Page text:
Tuesday, July 10, 2007

Lobotomy Time!

I'm only 40 or so pages into "Stumbling on Happiness" by Daniel Gilbert, but so far the message is clear. Destroy your frontal lobe. It's the part of your brain responsible for planning and imagining the future. They used to prescribe this (with great success) for people with anxiety and unhappiness. Of course objectively, it sounds pretty barbaric doesn't it?

Apparently this is the newest part of our brains, evolving, so it would seem, so that we can revel in unhappiness. It's what separates us from the animals. Well, except monkeys.

I've talked about this "living in the present" before (minus the frontal lobe and the monkeys part). And clearly, I'm no expert. But that doesn't mean I can't still tell everyone else what to do! :-) Actually, in truth I'm doing pretty well with this at the moment, even though I'm not trying to do it. Perhaps it's just a defense mechanism that kicks in when you're getting paid based on commission?!?

Want to see what other people have to say about living in the present?

1 comment:

Matt said...

Um, keep reading. If, as Gilbert notes, what makes humans distinctive is their ability to think about the future (thank you, frontal lobe), then getting rid of that bit of our brain would not make human happiness possible.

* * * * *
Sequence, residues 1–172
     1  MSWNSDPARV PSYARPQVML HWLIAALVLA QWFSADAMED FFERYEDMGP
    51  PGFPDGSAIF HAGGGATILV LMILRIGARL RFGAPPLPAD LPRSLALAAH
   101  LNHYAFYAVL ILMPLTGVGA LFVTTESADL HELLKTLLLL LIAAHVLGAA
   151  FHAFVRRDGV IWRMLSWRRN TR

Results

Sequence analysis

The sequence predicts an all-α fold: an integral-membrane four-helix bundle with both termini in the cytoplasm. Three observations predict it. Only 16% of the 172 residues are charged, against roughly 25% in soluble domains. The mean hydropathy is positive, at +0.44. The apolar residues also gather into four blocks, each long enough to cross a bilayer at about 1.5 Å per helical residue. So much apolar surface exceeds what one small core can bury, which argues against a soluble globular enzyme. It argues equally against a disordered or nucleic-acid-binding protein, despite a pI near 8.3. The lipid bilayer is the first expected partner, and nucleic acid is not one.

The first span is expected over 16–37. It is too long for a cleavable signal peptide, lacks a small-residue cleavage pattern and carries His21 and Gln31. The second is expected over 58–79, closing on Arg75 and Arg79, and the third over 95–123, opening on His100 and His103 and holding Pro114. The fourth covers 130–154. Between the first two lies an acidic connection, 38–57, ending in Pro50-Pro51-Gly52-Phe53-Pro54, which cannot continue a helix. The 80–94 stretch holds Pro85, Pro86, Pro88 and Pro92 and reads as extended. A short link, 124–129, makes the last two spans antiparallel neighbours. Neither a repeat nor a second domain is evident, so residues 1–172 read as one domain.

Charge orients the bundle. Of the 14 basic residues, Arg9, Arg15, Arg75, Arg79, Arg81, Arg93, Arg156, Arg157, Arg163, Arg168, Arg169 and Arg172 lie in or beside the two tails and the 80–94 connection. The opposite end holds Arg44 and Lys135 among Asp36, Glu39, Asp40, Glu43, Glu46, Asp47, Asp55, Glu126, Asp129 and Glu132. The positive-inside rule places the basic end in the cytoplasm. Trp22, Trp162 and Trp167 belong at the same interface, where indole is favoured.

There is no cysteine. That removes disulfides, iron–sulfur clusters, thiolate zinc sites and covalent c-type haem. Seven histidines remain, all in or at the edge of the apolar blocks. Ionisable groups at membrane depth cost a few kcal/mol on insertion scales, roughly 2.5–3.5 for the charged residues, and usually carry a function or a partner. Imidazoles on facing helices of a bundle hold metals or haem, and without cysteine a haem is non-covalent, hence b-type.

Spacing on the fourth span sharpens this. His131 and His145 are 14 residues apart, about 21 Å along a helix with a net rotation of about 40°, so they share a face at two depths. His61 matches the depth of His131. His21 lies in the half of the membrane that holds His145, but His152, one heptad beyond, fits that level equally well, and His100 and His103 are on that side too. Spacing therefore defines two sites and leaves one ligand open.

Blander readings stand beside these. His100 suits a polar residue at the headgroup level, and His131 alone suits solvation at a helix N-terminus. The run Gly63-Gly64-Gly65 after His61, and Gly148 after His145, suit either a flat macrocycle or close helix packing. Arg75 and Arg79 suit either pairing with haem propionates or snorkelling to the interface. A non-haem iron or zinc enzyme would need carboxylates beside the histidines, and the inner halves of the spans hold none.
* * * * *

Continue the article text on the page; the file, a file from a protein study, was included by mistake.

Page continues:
If you keep reading you'll see that his point is that because we are prone to so many different kinds of cognitive biases, we need to be careful in our predictions about what future states will increase our happiness (or decrease it) - one obvious example of this is that we tend to overrate certain things that don't end up increasing our happiness (e.g. a small raise).

You might be interested in Tal Ben-Shahar's new book Happier (which I briefly reviewed on my blog here). He explores this issue about happiness in the present versus happiness in the future, and argues that genuine (or lasting) happiness has both features. To sacrifice present happiness is to become a "rat-racer" (who is always pursuing happiness, but never actually gets there). To abandon future happiness is to become a "hedonist" (who cares only about the present moment - but again, given our concern with the future, and our interest in things going well over time, this seems incompatible with our nature). Check it out.